Updated June 10, 2020 - 5:20 pm
Human Nature’s residency at Sands Showroom at The Venetian couldn’t survive COVID-19.
The popular, tight-knit vocal ensemble is closing their seven-year residency at the showroom. The quartet of Andrew and Mike Tierney, Phil Burton and Toby Allen had moved their scheduled return to the stage back from June 16, then to Aug. 26. But producers made it official Wednesday that they had performed their final show at The Venetian venue that had been their home since 2013.
“We are very sad that we will not be returning to our amazing Sands Showroom at The Venetian,” Andrew Tierney said in a statement. “The Venetian has been an amazing partner the last seven years and we will miss working with our fantastic band, crew, ushers and executive team who have been supportive of us and our show from day one.”
A statement issued on behalf of the production made it clear the act specified COVID-19 as the reason for the show closing.
Allen, who brings the bass to the lineup, said the group was sad to be leaving the hotel. He added: “Las Vegas has been our home for over a decade and though the world is in the middle of massive change, we are excited about the future and are confident that we will all get through this together and embrace what will become our ‘new normal’ — whatever that may be right now.”
Human Nature’s Motown-driven production is the longest-running residency show ever at The Venetian. Supported by a bona fide Motown legend in Smokey Robinson, the act opened at then-Imperial Palace (now Linq Hotel) in May 2009. To give an idea of the city’s entertainment climate at that time, Human Nature opened at about the same time as “Jersey Boys” opened at Palazzo Theater. The show moved to The Venetian in 2013.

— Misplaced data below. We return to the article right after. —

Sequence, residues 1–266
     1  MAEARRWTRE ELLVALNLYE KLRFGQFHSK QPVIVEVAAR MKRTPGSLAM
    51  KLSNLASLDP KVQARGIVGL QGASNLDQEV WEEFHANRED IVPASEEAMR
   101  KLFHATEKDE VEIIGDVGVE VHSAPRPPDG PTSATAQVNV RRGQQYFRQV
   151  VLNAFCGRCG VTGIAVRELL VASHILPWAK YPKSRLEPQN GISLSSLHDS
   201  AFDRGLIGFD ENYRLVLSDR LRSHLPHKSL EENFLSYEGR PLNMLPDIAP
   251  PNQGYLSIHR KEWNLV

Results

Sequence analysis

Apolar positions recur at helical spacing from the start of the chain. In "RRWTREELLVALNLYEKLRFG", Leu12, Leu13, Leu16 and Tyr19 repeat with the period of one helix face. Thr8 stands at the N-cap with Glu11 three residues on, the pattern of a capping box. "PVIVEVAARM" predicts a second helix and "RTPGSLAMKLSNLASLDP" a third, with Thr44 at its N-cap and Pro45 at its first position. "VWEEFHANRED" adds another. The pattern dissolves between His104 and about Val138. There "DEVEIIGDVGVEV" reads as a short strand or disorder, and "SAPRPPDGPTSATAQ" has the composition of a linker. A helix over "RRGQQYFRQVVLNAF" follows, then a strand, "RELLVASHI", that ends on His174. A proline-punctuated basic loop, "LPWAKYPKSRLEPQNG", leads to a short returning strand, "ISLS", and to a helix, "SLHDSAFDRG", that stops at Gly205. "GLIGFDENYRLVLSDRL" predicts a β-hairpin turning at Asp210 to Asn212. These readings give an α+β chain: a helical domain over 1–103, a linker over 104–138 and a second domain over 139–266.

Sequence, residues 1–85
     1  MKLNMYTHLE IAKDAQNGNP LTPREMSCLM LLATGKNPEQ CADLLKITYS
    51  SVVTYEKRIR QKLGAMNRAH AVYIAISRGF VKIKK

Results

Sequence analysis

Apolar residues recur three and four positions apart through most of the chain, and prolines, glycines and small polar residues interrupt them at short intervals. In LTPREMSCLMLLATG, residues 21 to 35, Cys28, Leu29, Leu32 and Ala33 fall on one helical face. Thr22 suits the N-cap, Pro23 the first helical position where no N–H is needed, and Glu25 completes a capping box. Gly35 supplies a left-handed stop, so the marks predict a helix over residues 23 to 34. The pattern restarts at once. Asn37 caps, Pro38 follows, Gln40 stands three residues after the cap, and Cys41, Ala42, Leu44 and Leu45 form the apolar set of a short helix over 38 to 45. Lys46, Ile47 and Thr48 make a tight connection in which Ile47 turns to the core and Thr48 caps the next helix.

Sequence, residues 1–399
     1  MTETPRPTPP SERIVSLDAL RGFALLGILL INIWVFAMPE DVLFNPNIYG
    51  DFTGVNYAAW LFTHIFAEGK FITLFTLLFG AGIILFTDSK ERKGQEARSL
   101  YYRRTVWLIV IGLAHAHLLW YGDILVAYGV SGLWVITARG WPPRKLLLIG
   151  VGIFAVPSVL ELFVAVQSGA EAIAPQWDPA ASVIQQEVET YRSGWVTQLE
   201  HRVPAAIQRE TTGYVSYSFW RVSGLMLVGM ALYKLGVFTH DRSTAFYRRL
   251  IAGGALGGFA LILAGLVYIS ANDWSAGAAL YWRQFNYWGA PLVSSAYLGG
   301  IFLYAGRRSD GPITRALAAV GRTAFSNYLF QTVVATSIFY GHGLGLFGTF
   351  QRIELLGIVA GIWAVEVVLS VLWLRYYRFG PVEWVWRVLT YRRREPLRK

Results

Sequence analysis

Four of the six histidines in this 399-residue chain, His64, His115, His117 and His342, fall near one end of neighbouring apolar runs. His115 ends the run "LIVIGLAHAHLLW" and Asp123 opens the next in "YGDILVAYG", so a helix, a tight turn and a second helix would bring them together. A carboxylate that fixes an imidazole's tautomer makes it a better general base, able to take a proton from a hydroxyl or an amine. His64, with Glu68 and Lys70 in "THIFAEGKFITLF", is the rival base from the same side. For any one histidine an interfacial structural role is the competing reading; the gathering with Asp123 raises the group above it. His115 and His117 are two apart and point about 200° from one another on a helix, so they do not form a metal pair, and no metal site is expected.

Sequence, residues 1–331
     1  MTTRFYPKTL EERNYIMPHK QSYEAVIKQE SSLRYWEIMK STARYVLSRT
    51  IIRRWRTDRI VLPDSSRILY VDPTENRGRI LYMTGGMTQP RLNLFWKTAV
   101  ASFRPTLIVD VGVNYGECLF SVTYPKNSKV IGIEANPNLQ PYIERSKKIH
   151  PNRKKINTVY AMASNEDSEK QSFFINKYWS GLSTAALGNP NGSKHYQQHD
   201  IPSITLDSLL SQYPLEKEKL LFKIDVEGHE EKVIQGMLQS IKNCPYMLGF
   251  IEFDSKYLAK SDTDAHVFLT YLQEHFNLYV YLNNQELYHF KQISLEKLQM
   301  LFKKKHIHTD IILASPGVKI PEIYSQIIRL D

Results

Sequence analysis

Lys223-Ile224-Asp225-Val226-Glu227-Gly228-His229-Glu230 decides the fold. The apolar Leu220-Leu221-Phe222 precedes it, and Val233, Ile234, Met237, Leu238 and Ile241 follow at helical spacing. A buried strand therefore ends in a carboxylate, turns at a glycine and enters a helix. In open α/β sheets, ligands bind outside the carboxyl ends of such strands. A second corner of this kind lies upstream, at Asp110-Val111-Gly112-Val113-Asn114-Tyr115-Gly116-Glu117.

Producer Adam Steck said Tuesday the act is committed to remaining in Las Vegas.
“One-hundred percent, we want to return to stay here,” Steck said. “We continue to pursue options on and off the Strip.” Those options include resort companies on the Strip, and also on Fremont Street in downtown Las Vegas.
Largely an unknown act when opening on the Strip 11 years ago, Human Nature has become ingrained in the Las Vegas entertainment community. They’ve appeared at several charity events, including the annual Ethel M holiday cactus lighting ceremony, AFAN Aids Walk and Mondays Dark performances.
Surviving a fickle entertainment market, the quartet has logged more than 2,000 performances on the Strip, while remaining enormously popular in their native Australia. They’ve been inducted into the Australian Aria Hall of Fame (that country’s equivalent of the Grammy Awards) and received the country’s highest honor The Order of Australia.
The act has been together for more than a quarter-century, and has never subbed out a member onstage or in the studio.
Robinson discovered them during a tour of Australia in the 2000s, and swiftly stamped his name as “presenter” for the residency.
In an interview in 2013, the Motown superstar said, “They came so self-ready, that’s what made them different. What they sang for me in the studio, just to hear them sing like that, was just incredible. With a lot of acts — especially throughout the course of my life — you have to work with them, you have to tweak this and tweak that, but these guys were ready.”
The Review-Journal is owned by the family of Las Vegas Sands Chairman and CEO Sheldon Adelson. Las Vegas Sands operates The Venetian.
John Katsilometes’ column runs daily in the A section. His PodKats! podcast can be found at reviewjournal.com/podcasts. Contact him at firstname.lastname@example.org. Follow @johnnykats on Twitter, @JohnnyKats1 on Instagram.